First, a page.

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Discussion Starter #1
I have a 2019 Polaris sportsman 110. My engine revs up and won’t go back down. It has some slack in the throttle. Any help would be appreciated.
 

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Is the operator on the throttle body returning to the stop or is the cable preventing it from returning?

You could have a defective cable, throttle body or possible vacuum leak.
 

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Is the operator on the throttle body returning to the stop or is the cable preventing it from returning?

You could have a defective cable, throttle body or possible vacuum leak.
Are you talking about up on the handle bars or down by the motor?
 

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Ok so I worked with the control on top of the handle bars. My throttle cable isn’t making my throttle cable holder touch the screw that’s sticking to to make it idle right. Do I need to tighten the cable or loosen it?
 

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I'm trying to help you, but it appears you no basic knowledge of the machine.

The operator on the throttle body is the wheel the throttle cable attaches to on the throttle body - the throttle body is located in the place where a carburetor would be - it's basically a tube with a butterfly valve and a fuel injector inserted into it. When you operate the thumb throttle lever, it pulls on the cable which in turn pulls on the operator on the side of the throttle body. On the Chinese rudimentary fuel injection throttle body there is typically a 'throttle stop screw or casting' that the buttery fly valve operator rests against. The screw (if so equipped) can be adjusted to set the idle speed - on those with a cast throttle stop, a metal tab has to be bent to set the idle speed. On sophisticated EFI, the cable is connected to a control module and the cable from the thumb control connects to the module - the ECU determines idle speed and positions the cable to control the speed and as an increase in speed is called for, the module moves the cable in response to the input. Newer 'fly by wire' EFI's use a servo motor attached to the throttle body to turn the butterfly valve shaft and there is no cable connected to the throttle body or the thumb throttle. The thumb throttle has a variable resistor inside and as the resistance changes with changes in lever position, the ECU adjust the voltage to the servo motor and the servo motor sets the butterfly relative to the voltage at the thumb throttle and idle is determined by a preset value in the memory of the ECU.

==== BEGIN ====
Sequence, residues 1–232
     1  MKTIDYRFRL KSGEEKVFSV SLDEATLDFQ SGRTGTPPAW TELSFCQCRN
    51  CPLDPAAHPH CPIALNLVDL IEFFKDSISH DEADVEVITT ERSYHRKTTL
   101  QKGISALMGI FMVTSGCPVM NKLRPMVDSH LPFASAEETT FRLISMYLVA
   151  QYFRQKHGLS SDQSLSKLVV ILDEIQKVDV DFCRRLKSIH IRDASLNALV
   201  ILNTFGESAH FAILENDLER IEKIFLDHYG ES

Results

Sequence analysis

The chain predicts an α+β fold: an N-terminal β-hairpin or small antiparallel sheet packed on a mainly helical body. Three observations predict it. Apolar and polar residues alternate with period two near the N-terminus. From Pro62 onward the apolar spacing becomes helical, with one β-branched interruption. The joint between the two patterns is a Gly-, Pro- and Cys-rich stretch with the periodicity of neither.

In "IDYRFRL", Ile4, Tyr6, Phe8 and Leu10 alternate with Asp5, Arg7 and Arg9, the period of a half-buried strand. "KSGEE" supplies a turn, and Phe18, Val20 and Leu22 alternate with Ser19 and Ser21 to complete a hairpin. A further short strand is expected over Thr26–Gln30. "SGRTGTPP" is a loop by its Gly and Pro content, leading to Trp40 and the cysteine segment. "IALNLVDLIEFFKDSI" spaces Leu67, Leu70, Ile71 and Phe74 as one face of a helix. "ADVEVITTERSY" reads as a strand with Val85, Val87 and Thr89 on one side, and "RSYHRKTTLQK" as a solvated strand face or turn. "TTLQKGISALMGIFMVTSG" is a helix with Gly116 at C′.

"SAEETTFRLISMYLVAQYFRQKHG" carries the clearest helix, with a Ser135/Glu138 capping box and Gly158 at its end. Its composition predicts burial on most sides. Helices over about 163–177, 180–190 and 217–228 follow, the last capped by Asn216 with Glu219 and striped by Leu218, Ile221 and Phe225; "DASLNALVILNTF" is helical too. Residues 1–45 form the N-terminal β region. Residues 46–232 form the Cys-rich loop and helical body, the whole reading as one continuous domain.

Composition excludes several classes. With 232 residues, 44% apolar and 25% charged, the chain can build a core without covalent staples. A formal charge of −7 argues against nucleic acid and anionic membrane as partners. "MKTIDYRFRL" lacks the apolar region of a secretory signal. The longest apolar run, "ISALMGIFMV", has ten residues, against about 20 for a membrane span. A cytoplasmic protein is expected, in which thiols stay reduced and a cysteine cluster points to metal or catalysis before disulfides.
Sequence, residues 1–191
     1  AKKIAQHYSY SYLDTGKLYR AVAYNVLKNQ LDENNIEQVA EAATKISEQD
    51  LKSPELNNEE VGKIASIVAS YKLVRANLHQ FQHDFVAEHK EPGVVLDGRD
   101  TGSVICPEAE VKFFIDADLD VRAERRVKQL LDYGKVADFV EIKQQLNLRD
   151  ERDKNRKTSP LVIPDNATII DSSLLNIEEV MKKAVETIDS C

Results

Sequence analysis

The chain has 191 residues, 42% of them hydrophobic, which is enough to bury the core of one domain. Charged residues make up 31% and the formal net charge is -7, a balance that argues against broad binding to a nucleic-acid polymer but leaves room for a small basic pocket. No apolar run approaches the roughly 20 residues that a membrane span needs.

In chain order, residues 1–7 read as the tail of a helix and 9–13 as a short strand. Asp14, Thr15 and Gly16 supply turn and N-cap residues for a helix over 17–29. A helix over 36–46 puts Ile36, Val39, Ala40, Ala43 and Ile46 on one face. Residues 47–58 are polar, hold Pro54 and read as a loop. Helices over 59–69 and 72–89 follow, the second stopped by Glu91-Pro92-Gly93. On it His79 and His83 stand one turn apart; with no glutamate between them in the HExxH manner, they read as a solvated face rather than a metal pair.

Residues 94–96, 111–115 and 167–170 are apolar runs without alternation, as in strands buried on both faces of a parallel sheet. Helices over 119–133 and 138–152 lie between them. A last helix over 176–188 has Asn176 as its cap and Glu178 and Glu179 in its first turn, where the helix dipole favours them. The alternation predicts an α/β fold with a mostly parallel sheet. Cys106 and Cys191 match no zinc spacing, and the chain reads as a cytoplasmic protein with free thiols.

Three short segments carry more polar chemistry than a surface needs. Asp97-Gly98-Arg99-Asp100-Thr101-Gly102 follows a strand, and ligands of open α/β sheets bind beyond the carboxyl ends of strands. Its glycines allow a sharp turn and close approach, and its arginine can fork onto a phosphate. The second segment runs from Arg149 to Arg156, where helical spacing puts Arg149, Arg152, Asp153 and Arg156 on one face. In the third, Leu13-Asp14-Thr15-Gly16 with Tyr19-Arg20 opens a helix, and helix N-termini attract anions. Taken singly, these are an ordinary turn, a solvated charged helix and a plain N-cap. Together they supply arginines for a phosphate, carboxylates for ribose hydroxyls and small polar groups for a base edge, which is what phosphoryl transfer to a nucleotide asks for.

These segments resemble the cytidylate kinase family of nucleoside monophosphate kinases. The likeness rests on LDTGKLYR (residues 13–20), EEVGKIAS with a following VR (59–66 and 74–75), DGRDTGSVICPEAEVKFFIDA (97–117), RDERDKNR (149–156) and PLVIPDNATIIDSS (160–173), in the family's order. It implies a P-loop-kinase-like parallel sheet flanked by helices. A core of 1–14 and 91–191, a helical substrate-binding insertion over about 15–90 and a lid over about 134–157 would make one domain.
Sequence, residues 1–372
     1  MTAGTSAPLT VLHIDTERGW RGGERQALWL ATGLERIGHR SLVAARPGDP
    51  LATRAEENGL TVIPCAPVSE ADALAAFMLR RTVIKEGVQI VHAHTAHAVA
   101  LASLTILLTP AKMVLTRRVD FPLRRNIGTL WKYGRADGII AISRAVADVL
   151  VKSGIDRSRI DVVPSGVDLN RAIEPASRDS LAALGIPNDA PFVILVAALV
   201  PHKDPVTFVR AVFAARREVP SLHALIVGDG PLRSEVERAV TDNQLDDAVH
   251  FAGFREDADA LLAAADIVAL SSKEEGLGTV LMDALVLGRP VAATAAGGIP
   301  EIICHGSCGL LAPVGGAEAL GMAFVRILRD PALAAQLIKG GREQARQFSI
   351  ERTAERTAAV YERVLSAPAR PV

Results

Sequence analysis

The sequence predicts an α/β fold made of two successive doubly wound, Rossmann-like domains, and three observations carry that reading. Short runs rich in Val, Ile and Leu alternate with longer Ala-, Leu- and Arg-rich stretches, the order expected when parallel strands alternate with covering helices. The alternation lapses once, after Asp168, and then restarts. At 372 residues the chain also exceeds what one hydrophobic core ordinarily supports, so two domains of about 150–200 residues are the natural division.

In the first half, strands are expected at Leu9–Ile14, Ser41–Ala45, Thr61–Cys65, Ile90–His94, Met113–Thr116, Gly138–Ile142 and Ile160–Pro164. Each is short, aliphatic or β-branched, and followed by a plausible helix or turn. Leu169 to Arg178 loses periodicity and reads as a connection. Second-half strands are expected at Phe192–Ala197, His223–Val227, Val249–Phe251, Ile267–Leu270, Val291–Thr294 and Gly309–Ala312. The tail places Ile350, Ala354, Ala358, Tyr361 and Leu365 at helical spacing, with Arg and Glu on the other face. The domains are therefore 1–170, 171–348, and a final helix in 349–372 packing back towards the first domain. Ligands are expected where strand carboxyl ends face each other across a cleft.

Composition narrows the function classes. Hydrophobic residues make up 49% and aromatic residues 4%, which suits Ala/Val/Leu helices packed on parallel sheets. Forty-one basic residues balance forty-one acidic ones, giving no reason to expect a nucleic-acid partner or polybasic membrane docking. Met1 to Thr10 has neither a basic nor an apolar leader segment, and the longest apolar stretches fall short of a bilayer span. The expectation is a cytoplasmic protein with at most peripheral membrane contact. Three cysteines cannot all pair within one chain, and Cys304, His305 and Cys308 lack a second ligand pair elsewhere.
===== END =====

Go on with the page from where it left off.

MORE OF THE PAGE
Since the ATV you have has a rudimentary EFI, a cable pulls open the butterfly valve operator as the thumb throttle is advanced - if the idle is staying up after acceleration, either the cable is sluggish and the throttle hangs open or the butterfly valve shaft is binding and the return spring is not returning the operator back to the stop device or there is a vacuum leak bleeding uncontrolled air into the intake.

Now see if you can find the source of the problem - if you can't, then take it to a dealer or other repair shop and let a knowledgeable mechanic have a stab at it.
 

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Discussion Starter #6
No I have no basic knowledge of the machine. I’m not a mechanic that’s why I posted it on here. Thanks tho
 
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